A larger power input signal causes the second mixer output, the NB amplifier input, the third IF amplifier input, and the third IF amplifier output to be saturated.
Change the gain allocation of the IF stage to raise the limit of saturation. This modification will cause almost no deterioration of receiver sensitivity.
Circuits from the antenna terminal onward:
Antenna, amplifier, mixer, 73.05MHz filter
Amplifier, mixer, 8.83 MHz filter - noted gain is -10dB (minus 10)
Amplifier, mixer, 455kHz filter
Two Amplifiers - noted gain is +10dB (plus 10)
Replace the following components with (Kenwood part numbers)
Caution: they are all SMT chips, you need to be familiar with SMT soldering procedures.
Changes to circuit board XX4-3210 (A/9) RF UNIT
R1157 : replace 1.8k with 560 (RK73FB2A561J)
R160, R161: 2.2k with 1k (RK73FB2A102J)
R164 : 1.5k with 560 (RK73FB2A561J)
L76, L79 : 3.3uH with 0(zero) (R92-0670-05)
R169 : 1k with 330 (RK73FB2A331J)
X57-4620 TX-RX UNIT
R332 : replace 2.2k with 6.8k (RK73FB2A682J)
Do not forget to perform the re-adjustment of the S-meter sensitivity after making the modifications.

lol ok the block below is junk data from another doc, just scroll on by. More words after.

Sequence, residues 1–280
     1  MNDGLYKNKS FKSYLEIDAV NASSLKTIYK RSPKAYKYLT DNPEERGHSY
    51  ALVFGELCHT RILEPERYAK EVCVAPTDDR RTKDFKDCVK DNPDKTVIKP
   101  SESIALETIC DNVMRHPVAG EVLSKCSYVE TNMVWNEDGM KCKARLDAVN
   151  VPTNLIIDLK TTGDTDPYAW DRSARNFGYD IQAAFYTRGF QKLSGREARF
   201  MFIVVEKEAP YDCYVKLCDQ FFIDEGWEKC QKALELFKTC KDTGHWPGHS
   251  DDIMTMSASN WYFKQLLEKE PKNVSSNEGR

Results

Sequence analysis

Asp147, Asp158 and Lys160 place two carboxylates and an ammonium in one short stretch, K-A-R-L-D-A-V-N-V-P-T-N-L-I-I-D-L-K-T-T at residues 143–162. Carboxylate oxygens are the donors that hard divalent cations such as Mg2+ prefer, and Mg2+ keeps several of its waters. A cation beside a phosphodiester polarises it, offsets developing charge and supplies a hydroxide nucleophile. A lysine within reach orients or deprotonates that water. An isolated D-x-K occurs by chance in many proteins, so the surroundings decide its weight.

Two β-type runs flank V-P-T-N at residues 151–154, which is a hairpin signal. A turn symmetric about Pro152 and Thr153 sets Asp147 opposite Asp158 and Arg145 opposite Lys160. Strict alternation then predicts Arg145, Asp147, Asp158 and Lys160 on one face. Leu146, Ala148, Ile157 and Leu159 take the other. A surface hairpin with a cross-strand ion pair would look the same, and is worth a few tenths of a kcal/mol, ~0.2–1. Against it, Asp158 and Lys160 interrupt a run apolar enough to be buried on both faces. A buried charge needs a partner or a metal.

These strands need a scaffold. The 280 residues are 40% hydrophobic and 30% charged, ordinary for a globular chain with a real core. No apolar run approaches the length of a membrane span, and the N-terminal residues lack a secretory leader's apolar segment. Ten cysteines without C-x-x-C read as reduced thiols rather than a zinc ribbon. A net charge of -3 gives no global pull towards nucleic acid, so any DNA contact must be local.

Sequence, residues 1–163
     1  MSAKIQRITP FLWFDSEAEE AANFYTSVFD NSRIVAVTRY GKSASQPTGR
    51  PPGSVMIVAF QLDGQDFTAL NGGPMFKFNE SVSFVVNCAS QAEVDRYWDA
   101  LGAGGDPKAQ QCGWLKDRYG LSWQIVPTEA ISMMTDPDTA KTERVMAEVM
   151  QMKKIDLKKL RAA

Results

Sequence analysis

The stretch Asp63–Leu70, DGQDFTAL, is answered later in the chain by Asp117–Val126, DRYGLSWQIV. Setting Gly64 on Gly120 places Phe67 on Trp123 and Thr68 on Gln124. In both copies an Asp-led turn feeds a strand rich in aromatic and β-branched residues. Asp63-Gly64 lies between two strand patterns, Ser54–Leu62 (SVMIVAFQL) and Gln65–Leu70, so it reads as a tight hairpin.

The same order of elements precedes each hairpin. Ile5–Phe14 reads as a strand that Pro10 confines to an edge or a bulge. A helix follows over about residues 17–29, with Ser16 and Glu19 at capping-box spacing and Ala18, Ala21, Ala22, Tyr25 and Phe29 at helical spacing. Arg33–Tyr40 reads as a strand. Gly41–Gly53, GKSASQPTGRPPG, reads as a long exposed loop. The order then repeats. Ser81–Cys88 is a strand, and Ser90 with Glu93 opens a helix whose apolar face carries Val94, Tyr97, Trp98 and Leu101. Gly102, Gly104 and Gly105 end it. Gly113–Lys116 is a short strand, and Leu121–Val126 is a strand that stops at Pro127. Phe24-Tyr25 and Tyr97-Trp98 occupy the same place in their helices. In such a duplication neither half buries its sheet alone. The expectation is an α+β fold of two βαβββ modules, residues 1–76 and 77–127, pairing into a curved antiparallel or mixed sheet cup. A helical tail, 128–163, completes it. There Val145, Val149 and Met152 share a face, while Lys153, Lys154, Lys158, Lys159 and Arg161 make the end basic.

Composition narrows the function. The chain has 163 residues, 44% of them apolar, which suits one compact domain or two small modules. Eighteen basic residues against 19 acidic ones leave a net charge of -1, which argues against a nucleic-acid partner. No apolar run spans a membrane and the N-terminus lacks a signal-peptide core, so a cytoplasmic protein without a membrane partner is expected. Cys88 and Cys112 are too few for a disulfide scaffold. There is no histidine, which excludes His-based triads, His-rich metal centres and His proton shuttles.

Refer to "8. S-meter adj." on P.95 of the Service Manual for how to do it specifically.
If you cannot adjust the display to "05", even after you follow the steps described in "8. S-meter adj.", change the resistor as instructed below and make the re-adjustment.
X57-4620 TX-RX UNIT
VR-1 : 470 ---> 3.3k (R12-6737-05)
2nd RX Receive Antenna switching modification
Kenwood TS870 has two antenna jacks ANT1 and ANT2 and external receiver
antenna jack (RCA type) that can accommodate external receiver when activated
through the program menu. This adds some attenuation to TS870 receiver
signals. There is no provision for external receive antenna switching
(Beverages, preamp., etc.) When I inquired Kenwood about this option, they
sent me modification instructions that required cutting the traces and
rewiring the ext. RX connector. When I received my Service manual and had a
look at the circuit, I came up with this simple modification:
Parts needed: 1 diode (any type) I used rectifier diode, generic NTE125
Step by step instructions:
- (In the following references the front panel of the rig is facing you.)
Remove the top cover.
- Remove 7 screws holding the cover over the FILTER and RELAY unit (in the middle) and remove the cover. (Where the ANT1 and ANT2 connectors go.) This exposes two PC boards.
- Locate the connector CN301 on the RELAY unit (adjacent to ANT1 and ANT2).
It is about 1 inch back and 1 inch left from the ANT1 connector and has three wires going to it - two gray, left and one black, right.